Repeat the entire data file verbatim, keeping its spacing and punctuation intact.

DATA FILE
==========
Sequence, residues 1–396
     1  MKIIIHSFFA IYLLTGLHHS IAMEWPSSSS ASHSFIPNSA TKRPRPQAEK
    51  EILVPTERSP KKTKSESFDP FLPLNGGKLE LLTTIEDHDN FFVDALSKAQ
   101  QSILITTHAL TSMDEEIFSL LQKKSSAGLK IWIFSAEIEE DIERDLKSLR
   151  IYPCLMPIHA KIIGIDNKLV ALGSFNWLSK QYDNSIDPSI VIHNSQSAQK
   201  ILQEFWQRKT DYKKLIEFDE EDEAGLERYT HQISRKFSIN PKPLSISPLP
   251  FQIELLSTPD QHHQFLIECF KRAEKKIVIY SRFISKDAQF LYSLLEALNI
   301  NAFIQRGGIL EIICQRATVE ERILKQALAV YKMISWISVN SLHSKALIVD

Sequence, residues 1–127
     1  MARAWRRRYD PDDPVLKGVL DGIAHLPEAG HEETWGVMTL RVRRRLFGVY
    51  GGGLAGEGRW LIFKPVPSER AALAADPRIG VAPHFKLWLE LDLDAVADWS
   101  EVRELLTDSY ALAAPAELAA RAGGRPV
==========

Sequence, residues 1–396
     1  MKIIIHSFFA IYLLTGLHHS IAMEWPSSSS ASHSFIPNSA TKRPRPQAEK
    51  EILVPTERSP KKTKSESFDP FLPLNGGKLE LLTTIEDHDN FFVDALSKAQ
   101  QSILITTHAL TSMDEEIFSL LQKKSSAGLK IWIFSAEIEE DIERDLKSLR
   151  IYPCLMPIHA KIIGIDNKLV ALGSFNWLSK QYDNSIDPSI VIHNSQSAQK
   201  ILQEFWQRKT DYKKLIEFDE EDEAGLERYT HQISRKFSIN PKPLSISPLP
   251  FQIELLSTPD QHHQFLIECF KRAEKKIVIY SRFISKDAQF LYSLLEALNI
   301  NAFIQRGGIL EIICQRATVE ERILKQALAV YKMISWISVN SLHSKALIVD

Sequence, residues 1–127
     1  MARAWRRRYD PDDPVLKGVL DGIAHLPEAG HEETWGVMTL RVRRRLFGVY
    51  GGGLAGEGRW LIFKPVPSER AALAADPRIG VAPHFKLWLE LDLDAVADWS
   101  EVRELLTDSY ALAAPAELAA RAGGRPV